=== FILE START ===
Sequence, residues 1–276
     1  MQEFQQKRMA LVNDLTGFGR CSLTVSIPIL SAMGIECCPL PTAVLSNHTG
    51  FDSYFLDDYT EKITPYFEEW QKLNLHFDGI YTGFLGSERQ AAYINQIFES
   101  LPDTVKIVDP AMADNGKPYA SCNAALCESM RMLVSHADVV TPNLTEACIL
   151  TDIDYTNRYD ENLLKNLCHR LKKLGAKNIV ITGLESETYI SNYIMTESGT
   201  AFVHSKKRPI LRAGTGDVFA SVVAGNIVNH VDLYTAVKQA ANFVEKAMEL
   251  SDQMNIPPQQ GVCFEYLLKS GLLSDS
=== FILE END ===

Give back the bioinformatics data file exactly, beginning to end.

Sequence, residues 1–276
     1  MQEFQQKRMA LVNDLTGFGR CSLTVSIPIL SAMGIECCPL PTAVLSNHTG
    51  FDSYFLDDYT EKITPYFEEW QKLNLHFDGI YTGFLGSERQ AAYINQIFES
   101  LPDTVKIVDP AMADNGKPYA SCNAALCESM RMLVSHADVV TPNLTEACIL
   151  TDIDYTNRYD ENLLKNLCHR LKKLGAKNIV ITGLESETYI SNYIMTESGT
   201  AFVHSKKRPI LRAGTGDVFA SVVAGNIVNH VDLYTAVKQA ANFVEKAMEL
   251  SDQMNIPPQQ GVCFEYLLKS GLLSDS